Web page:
Gordon Campbell | Parliament TV | Parliament Today | News Video | Crime | Employers | Housing | Immigration | Legal | Local Govt. | Maori | Welfare | Unions | Youth | Search

 


Palmerston North Councillors Follow the Pack

Palmerston North Councillors Follow the Pack

Lucinda Rees, NZ School Speeds


Speed limits outside schools are coming down all over the developed world, led by the World Health Organisation. It states the maximum vehicle speed a child is likely to survive in a collision is 30km/h. Yet Palmerston North councillors are weakly deferring to NZTA regulations and after hours of discussion are likely to go with a 40km/h 'variable' speed which only applies during school hours.

In most European countries the speed limit within school zones are 30km/h. In the US speed limits are in place when children are present and if you come across a school bus unloading or loading children, drivers have to stop and wait until the last child has safely been removed from danger. In New South Wales all schools have a 40km/h speed limit and there is talk that the limit will soon be dropped to 30km/h.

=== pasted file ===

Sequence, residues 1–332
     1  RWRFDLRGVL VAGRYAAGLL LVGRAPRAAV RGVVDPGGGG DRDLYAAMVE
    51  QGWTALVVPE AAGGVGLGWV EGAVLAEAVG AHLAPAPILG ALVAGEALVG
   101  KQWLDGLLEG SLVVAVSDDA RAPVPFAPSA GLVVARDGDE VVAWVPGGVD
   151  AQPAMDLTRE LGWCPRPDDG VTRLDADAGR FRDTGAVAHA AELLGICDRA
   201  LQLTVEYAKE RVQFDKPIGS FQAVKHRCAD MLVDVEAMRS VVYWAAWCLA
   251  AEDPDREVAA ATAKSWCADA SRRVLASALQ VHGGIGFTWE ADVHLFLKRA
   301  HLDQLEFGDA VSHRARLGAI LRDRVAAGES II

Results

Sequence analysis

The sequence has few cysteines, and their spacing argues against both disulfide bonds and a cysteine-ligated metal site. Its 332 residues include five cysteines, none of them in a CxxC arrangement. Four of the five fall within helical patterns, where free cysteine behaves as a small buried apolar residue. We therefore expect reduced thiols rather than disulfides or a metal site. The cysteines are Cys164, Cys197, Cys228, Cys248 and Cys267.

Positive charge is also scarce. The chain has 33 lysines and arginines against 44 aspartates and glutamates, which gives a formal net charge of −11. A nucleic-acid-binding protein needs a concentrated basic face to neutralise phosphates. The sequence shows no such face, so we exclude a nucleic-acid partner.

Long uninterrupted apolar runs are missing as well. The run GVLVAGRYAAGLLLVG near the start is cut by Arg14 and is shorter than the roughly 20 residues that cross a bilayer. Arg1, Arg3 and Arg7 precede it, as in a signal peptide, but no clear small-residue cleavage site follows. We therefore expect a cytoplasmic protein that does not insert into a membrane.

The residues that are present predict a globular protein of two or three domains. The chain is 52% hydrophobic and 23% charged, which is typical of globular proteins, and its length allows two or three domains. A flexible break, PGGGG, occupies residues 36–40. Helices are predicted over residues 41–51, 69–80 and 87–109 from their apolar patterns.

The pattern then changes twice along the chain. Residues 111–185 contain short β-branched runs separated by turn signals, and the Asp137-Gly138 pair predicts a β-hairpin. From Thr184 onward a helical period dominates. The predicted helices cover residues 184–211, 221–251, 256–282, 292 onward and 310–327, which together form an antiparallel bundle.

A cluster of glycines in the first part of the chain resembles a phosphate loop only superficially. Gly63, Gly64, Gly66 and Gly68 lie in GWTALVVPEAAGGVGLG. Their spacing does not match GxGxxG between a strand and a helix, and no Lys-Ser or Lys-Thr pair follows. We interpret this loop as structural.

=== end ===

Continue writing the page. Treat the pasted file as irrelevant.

It seems that there are no recommended safe speeds outside schools in this country. There are speed limits all the way up to an unbelievable 100km/h, but you would struggle to find the recommended speed of 30km/h posted outside a school. In Palmerston North, some of the councillors championed by Chris Teo-Sherrell have suggested the recommended 30km/h, but the NZTA doesn't allow speeds as low as this at variable times. The only way they would be allowed to put the recommended speed limit in place is by posting 30km/h permanently outside schools - that is day and night. Initially the council voted 8 to 5 in favour of 30km/h speed limits, but since then have changed their minds and voted 8 to 6 in favour of the variable 40km/h speed.